This time we will learn together, it is the first time I do this with proper tools.
One of our Christmas gifts was a case of gouges and a plaque of rubber to make stamps and had not time to test them yet. Instead of these plates, sold specifically for this purpose, can be used erasers.
When I was young I made many stamps with erasers, I still have one, with which I signed the letters …
These are the gouges, for sale in many arts and crafts shops.
For me, the worst of the process has been to define the image I wanted to use. If we make a freehand drawing, no more than paint (I recommend a ballpen) on the rubber, but in my case I wanted to trace an image and letters. My first choice was to print the drawing in “mirror” and try to trace it with coal paper (which was used with typewriters), but it turned out that as much as clench, the drawing dis not went beyond.
A good option would be to print the image in the right way with an ink-jet printer on glossy paper, so the ink does not dry out, and put the paper on the rubber and the picture remains printed. I chose to go over the drawing (right) repeatedly with pen and press it against the gum, going with a pen on the other side. So I got a clear enough picture to be able to redraw.
Of course, we need to have the stamp drawing in “mirror”, and we have to think first the things we will want to stay inked and which not. I opted for the white lettering and ink drawing, because leaving the raised lettering would be much more difficult.
To whom is not very familiar with the gouges, I recommend you to do some tests before starting the stamp to see what results you get with each. Generally, you use V-shaped guoges for greater accuracy, and the rest to remove excess.
I started with the letters, trying as far as possible to make continuous lines, as we do writing, and I made a frame around that marked the place that would be inked.
As for the drawing, I think it is easier if you first do the outline, also with a gouge with the tip with an acute angle and making the rest of the image we will be more comfortable with flatter gouges.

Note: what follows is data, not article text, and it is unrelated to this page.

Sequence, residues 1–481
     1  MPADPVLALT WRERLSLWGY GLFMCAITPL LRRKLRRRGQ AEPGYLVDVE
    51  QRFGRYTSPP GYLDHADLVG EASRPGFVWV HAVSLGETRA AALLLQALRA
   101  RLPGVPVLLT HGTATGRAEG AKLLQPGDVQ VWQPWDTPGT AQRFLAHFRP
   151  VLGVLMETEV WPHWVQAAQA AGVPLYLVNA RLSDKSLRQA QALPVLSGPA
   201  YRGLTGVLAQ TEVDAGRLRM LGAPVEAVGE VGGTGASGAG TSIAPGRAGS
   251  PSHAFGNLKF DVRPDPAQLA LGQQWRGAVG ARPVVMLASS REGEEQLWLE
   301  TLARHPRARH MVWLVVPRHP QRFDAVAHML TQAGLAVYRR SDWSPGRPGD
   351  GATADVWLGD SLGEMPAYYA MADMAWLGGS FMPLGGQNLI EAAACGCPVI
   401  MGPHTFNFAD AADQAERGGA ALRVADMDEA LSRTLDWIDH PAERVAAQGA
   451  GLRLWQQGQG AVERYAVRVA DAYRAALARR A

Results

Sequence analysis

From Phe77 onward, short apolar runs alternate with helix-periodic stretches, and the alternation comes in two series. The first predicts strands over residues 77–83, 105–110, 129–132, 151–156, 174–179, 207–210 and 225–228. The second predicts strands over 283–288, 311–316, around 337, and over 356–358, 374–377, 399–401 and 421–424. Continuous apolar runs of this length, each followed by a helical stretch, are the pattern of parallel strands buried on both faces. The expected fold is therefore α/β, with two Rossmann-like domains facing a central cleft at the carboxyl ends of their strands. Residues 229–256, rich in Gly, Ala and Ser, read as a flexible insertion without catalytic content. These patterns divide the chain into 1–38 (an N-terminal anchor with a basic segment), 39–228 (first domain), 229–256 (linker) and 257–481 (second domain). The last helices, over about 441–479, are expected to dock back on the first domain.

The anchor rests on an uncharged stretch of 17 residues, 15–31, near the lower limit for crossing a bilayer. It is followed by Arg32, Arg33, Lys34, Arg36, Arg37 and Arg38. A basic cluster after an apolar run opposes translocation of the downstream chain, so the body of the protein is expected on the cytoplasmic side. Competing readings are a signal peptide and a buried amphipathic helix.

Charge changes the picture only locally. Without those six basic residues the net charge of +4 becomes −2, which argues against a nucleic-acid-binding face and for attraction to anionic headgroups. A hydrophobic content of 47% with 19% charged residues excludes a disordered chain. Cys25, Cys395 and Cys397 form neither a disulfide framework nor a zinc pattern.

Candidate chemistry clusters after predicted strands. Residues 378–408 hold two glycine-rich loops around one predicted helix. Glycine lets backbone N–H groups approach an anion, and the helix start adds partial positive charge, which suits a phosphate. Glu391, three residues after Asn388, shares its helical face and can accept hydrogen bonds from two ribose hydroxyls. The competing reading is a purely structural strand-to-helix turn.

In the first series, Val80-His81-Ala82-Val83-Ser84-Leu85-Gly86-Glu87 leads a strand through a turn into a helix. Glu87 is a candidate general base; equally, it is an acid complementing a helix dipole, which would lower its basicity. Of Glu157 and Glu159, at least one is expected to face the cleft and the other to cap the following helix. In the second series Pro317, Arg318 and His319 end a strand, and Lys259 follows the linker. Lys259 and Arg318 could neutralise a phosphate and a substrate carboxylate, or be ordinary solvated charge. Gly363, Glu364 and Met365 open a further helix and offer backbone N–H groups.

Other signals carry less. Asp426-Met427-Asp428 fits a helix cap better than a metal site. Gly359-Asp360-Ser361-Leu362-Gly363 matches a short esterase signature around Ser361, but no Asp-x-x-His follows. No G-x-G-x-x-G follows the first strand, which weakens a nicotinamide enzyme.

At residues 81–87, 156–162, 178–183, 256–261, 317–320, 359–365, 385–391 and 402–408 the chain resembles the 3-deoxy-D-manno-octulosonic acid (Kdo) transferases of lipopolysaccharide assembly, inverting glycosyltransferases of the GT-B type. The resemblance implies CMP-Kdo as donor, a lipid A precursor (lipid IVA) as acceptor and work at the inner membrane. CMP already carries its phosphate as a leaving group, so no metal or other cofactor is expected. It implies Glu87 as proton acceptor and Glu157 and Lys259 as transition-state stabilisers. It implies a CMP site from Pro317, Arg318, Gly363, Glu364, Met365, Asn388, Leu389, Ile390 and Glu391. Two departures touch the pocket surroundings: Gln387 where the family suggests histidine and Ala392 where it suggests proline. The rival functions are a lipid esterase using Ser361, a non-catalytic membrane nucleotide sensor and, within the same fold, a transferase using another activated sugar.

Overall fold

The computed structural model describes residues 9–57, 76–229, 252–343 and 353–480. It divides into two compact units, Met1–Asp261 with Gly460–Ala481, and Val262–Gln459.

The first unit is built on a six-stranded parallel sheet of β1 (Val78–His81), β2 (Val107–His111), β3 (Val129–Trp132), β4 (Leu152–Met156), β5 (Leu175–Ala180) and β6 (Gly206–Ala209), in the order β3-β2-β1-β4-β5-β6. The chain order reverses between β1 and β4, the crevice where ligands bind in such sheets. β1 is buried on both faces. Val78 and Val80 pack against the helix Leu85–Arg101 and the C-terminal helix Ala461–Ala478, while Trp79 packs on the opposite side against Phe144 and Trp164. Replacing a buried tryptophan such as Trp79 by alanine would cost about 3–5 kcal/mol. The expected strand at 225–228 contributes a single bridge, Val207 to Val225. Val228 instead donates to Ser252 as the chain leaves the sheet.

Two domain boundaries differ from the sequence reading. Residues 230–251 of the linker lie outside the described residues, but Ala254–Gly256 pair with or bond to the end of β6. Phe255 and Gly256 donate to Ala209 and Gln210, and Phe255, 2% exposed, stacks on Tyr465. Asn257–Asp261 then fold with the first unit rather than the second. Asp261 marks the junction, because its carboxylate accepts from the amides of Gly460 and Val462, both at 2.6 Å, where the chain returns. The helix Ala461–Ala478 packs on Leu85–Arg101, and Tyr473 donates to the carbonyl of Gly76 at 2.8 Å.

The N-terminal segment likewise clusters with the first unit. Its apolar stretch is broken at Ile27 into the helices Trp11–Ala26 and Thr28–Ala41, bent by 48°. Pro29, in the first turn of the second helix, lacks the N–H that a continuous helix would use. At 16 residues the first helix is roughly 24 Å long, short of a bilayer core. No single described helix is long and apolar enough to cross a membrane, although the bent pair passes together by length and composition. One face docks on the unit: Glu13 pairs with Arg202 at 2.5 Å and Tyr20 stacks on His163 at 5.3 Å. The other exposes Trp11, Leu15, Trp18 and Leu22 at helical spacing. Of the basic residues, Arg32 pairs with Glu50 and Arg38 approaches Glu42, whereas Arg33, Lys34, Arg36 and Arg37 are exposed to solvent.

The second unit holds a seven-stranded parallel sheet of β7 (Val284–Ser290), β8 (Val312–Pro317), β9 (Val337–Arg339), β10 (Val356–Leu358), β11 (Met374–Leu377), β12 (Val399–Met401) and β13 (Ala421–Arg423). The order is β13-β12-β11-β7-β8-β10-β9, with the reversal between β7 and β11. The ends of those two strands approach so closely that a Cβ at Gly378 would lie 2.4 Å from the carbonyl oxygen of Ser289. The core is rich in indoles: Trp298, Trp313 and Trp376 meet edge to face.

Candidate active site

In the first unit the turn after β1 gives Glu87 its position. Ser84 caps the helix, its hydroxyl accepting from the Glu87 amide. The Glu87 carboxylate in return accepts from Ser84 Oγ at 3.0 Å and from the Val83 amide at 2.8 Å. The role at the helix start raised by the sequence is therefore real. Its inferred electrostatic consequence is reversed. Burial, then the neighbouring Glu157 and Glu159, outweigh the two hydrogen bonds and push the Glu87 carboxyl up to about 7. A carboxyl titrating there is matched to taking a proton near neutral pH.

Once the outline done, we can carve all the surplus. I used primarily the point in U, because I like it, I do not know if technically there are better methods.
As we ink the stamp for the first time we will see more clearly the flaws in both areas, those that are not well defined, and others that are not deep enough. We see it because ink stains the surplus and it will be easier to see where there are still material to remove.
For regular stamping, we need the rubber stuck on a flat, hard surface. I cut a piece of wood, but surely you find anything else. (If the stamp is tiny you can stick it in a cork).
As many of you know, we have a plush pig as a pet that has been with us since the beginning of time, so it is with us even in the journey of MJ2Artesanos. And so, however imperfect, have a stamp indicating that our work is handmade.
It’s a matter of practice, we will see how the second goes out better to all of us.
Our baby is growing fast and likes to participate in what we do, so a few weeks ago I thought it was time for our first craft together: A custom colored shirt with her name on it.
For this work we only need a tee, paper and crayons.
To start we cut the picture we want to do on the shirt on a sheet of paper. In my case I did it on an adhesive paper that can be purchased at any stationery store, and would avoid the bits of wax to sneak on sites we don’t want to color.
If you use an ordinary paper, put it by carefully on the smooth fabric and see that it will not rise. To do this with children is much more practical, as I say, to stick the paper to the fabric. (the glue is not very strong, so it can then be removed without problems). And between the front and back of the shirt put a cardboard or several papers to absorb the excess of wax and protect the back of stain.
With a pencil sharpener, we make powder with the waxes we want to use. I made a pile for each color, but I knew that María was going to mix them, and effectively his “decision” was to use all the colors at once.
Split the chips on paper with the design that we like and at the end, carefully helping with a brush, withdraw all the bits that have been left out of the work area. (If there is anyone out then we will have unwanted spots).
We place a sheet of paper on the drawing being careful not to move the wax (in this case did not matter much because the colors were mixed, but if the design has a definite pattern will be damaged by moving chips with paper above).
We turn on the iron to medium heat and without steam. This way will take a little longer to melt the wax, but if you set it too hard or ironed too long, too fat spread the wax around the edges of the drawing leaving it poorly defined.
When we see how the iron melt waxes and paper absorbs excess, it is very easy to see when to stop.
Just after the upper board paper is removed and left to cool.
We can now remove the paper template and presto, we have a new shirt.
You can of course do the drawing without template, it’s all about skill. And it can also be fun that older children draw a picture with soft wax on the fabric and then secure them with the iron. I have not tried, because Maria is very tiny, but I think it would be better to use a slightly more rigid (one canvas or something) so it does not deform while painting fabric, and then sew it on a t-shirt ..
These shirts can be washed in the washing machine quietly, although it should be done with the garment inside out and in cold water.